The Rules of Giving

Cash registers ring, are ya listenin’? In my hand, my Master
Card’s glistenin’

Cash registers ring, are ya listenin’? In my hand, my Master Card’s glistenin’ …

I know, I know. It isn’t even Thanksgiving yet, but with more than 30 family members to buy for I had to start my holiday shopping early. There are 37 shopping days left before Christmas (counting today), but I’ve already run into some problems.

“‘Tis the season to be jolly” couldn’t be further from the truth when it comes to stressing over what to get your great-aunt-once-removed, who only enjoys the card game canasta and syndicated “Jeopardy!” and owns every matching floral sweater-and-turleneck set ever made.

Although some people in my life are difficult to shop for, others have been doing their own shopping for the holidays – for themselves. The “gift” part comes into play when they hand me the receipt for their new goods and expect me, in turn, to hand over the appropriate amount of cash.

“If you really want to get me something I like, you guys could just pay me for the microwave and new coffee maker I just got,” my mom said in the car the other day.

“So you’re telling me you want me to pay for something you already bought as your gift?” I replied in disbelief.

What ever happened to making holiday gifts a surprise? There is something so special in scouring the stores to track down that one gift you know the recipient will love, then covering it in bright, obnoxious wrapping paper and watching the delighted (or puzzled) expression on their faces when they tear it open.

Well, coming up with alternatives to the holiday gift-giving experience must run in my family. My 27-year-old sister Julie did the same thing when she was visiting from Sacramento last week.

“I bought myself some new black boots the other day,” she said. “Do you think mom would mind paying for them, and then they can be my gift from Santa?”

“No!” I shouted. “You’re already wearing them, Juliette!”

Because of all the ridiculous hoopla I’ve already encountered thus far this holiday season, I’ve decided to make some gift-giving rules of my own. And after talking with several people in the community about how to stifle laughter when opening a bad gift, and when it’s considered OK to re-gift something, I think some of you out there may want to pay close attention. Here goes: six rules, starting with those of lesser importance and working our way up:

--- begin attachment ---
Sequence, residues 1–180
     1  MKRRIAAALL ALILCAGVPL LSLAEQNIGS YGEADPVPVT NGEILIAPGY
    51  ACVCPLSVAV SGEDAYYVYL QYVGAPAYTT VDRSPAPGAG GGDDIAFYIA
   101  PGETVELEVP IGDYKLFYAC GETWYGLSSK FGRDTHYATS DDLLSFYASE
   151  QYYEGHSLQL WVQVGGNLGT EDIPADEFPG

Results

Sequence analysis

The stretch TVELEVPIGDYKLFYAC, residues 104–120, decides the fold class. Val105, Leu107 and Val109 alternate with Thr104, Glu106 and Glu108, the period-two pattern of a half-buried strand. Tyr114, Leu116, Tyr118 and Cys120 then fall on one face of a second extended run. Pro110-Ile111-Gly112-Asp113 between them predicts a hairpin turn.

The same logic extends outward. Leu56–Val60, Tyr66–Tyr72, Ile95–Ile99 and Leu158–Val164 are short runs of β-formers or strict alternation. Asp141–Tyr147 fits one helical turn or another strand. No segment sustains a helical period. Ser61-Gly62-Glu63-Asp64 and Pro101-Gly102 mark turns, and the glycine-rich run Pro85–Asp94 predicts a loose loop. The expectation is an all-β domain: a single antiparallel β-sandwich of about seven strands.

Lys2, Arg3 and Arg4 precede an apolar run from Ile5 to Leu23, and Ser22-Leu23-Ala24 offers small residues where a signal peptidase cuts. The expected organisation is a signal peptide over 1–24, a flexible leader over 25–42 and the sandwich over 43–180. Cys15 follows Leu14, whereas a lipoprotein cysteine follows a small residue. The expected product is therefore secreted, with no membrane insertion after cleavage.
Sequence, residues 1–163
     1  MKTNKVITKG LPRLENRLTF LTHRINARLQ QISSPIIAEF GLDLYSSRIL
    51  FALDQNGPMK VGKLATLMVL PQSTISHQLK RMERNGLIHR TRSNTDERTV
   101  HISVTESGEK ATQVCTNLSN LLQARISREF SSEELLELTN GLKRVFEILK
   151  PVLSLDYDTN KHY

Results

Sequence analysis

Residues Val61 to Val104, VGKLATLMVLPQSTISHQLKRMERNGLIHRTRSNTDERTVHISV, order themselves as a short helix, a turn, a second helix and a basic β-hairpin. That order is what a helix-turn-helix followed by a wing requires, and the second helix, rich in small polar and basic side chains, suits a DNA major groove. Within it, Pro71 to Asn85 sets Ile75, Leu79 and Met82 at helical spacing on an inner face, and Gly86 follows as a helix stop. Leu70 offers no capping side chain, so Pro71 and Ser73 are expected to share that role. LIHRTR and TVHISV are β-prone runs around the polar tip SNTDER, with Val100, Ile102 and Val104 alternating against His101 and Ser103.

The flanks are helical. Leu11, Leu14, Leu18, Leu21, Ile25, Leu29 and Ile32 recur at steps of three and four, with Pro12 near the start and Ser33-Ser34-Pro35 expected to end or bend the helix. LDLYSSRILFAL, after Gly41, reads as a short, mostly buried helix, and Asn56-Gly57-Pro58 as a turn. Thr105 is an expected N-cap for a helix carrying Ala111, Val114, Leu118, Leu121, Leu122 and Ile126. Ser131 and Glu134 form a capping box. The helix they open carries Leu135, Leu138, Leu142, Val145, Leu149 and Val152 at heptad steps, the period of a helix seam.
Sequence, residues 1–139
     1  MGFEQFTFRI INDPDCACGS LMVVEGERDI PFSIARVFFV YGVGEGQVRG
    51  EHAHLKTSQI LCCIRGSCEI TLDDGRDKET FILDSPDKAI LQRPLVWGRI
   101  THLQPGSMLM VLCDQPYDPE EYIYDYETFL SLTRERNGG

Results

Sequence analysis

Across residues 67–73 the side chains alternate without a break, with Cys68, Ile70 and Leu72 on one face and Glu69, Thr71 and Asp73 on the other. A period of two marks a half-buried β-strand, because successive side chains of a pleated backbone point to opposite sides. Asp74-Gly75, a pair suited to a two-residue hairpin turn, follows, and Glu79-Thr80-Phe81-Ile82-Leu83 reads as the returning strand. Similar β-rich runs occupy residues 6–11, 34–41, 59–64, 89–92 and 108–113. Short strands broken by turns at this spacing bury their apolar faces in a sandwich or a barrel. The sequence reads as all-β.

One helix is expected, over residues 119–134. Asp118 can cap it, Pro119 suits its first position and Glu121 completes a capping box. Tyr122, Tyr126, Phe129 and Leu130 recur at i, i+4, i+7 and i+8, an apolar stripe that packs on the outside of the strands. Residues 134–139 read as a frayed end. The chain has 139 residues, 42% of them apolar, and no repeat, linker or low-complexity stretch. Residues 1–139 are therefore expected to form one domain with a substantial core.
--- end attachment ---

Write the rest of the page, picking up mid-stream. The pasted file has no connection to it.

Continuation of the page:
• Rule No. 6: It is never, under any circumstance, OK to give someone a Chia Pet – unless, of course, it’s a total joke (a joke the recipient is in on, that is).

• Rule No. 5: Should you feel the need to re-gift something, make sure to give it to someone on the opposite side of the family, who lives at least 100 miles away and will never come into contact with the person who originally gave the gift to you. Also, make sure the gift isn’t a signature item, such as a family heirloom or bronzed baby shoes.

• Rule No. 4: When buying for a recently new member of the family or a friend you don’t know very well, go for consumables. Many people don’t like crocheted doilies and tissue-box covers, but they’ll love some homemade rocky road candy or fudge.

• Rule No. 3: When you’ve just begun dating someone, try to find a unique gift that shows you put some thought into it, but don’t spend a fortune. Lord knows if they’ll even be around for a New Year’s Eve smooch.

• Rule No. 2: While shopping, always remember that you’re not there for yourself. Just because you like that gigantic rhinestone broach or those fall-off-your-butt-cheeks jeans from Abercrombie & Fitch doesn’t mean Aunt Lois and Uncle Harold will.

• And most importantly, Rule No. 1: Never let your family members coerce you into “pretend buying” them holiday gifts that they already own, such as in the example of my sister Julie’s black boots.

If any family member even tries pulling such a stunt, wrap up a box that looks like what they want, but instead of the gift, put a lump of coal in it!

Happy holidays, and happy shopping.

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